Oh, thank you, Chris, for sharing your stories, and I am sorry for your losses as well, even one that was 25 years ago.

I’ve been through this more times than I can count. I believe I’ve had over 40 dogs and cats in my life. Most of their endings were decisions I was forced to make. And, as you say, it never gets easier, even when you know the decision was right.

Sophie’s was an unusual situation, though. She and her sister were 10-years-old when we adopted them in 2018. We lost our Pooh, a 45-pound dog, a few months before and our Chanelito, a Pekingese, was 15-years-old. Although lap-dog-size, Chanelito was not a lapdog. He was very independent and required little attention beyond food, walks, and pets on the head or the belly. He did not like to get up on the furniture or to be held.

Pooh and almost all my dogs before Chanelito were larger and predominantly outside dogs — a different dynamic than small, indoor lap dogs. Sophie and Syau were small, indoor lapdogs who wanted to be next to us all the time, showering us with affection.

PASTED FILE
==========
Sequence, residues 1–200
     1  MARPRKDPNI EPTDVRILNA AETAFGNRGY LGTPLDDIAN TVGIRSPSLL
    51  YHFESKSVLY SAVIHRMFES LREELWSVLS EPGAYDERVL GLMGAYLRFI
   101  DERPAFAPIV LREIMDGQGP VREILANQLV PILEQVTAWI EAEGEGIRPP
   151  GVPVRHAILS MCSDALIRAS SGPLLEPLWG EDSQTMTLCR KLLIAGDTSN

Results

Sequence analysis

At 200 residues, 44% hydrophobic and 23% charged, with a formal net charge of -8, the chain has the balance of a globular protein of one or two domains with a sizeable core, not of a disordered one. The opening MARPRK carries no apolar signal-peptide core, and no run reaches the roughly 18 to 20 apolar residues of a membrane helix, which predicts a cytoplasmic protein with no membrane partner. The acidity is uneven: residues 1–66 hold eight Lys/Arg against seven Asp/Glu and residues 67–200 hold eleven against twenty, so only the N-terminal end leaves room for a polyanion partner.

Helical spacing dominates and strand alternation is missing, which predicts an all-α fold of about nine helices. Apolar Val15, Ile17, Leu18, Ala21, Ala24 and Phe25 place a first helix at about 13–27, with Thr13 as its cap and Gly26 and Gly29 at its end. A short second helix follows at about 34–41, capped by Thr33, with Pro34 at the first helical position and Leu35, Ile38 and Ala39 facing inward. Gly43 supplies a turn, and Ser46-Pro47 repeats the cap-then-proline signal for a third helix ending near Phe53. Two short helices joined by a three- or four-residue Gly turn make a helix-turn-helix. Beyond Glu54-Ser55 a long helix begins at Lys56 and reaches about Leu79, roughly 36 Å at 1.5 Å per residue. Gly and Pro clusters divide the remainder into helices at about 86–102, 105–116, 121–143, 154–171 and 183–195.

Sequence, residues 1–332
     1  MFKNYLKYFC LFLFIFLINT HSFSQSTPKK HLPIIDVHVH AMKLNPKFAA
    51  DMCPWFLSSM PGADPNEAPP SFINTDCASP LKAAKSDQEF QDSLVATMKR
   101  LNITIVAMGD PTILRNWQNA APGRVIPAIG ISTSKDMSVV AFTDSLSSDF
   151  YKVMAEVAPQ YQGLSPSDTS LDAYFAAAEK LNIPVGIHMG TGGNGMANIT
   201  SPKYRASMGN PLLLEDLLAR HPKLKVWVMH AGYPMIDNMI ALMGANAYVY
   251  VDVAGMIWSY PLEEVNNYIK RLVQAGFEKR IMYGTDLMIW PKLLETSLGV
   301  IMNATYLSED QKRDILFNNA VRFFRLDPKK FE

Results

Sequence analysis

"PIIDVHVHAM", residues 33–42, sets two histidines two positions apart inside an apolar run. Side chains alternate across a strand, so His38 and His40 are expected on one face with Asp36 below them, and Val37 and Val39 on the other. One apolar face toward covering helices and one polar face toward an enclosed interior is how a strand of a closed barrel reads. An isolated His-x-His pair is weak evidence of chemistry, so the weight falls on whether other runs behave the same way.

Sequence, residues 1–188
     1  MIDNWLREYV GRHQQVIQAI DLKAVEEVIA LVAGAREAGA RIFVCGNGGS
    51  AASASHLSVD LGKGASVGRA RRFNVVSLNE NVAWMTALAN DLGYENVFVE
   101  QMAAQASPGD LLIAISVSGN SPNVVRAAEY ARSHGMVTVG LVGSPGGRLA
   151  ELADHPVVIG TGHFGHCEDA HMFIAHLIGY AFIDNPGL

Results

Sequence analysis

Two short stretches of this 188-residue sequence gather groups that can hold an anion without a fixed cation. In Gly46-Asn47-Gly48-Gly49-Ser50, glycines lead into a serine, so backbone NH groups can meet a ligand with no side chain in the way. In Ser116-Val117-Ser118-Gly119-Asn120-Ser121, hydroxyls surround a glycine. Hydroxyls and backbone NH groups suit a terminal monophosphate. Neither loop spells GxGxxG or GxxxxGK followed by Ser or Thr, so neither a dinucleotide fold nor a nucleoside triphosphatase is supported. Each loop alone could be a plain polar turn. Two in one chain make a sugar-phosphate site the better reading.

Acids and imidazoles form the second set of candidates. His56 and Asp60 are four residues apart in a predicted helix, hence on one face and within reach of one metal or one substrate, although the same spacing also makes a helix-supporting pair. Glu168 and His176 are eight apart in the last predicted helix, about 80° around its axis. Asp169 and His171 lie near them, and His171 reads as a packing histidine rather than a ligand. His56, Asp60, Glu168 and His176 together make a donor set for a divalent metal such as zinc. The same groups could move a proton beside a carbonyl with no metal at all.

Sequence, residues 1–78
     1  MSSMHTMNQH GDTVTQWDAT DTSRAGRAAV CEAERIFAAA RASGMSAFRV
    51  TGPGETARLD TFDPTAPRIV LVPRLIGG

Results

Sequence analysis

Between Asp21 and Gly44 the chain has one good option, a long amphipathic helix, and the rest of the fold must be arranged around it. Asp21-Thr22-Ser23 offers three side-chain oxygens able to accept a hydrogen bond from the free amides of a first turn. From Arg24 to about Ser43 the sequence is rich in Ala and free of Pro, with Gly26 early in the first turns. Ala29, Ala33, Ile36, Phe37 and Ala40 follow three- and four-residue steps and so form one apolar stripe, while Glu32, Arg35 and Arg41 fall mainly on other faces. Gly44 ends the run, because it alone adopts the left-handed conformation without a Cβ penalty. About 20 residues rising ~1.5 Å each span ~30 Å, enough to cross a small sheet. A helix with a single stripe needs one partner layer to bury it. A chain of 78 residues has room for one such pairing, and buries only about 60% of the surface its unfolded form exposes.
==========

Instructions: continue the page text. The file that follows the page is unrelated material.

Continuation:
Although 10-years is not young for dogs, their breeds often live to be 15 to 18 years-old. We figured to have them for several years. Both dogs acted much younger than their years. Strangers couldn’t believe how old they were.

We lost Chanelito last July but thought we had years to go before grieving for another dog.

Because of their youthful exuberance and high energy, I never thought Sophie or Syau would become ill and leave us so soon.

Three dogs in three years is more than my heart can handle.

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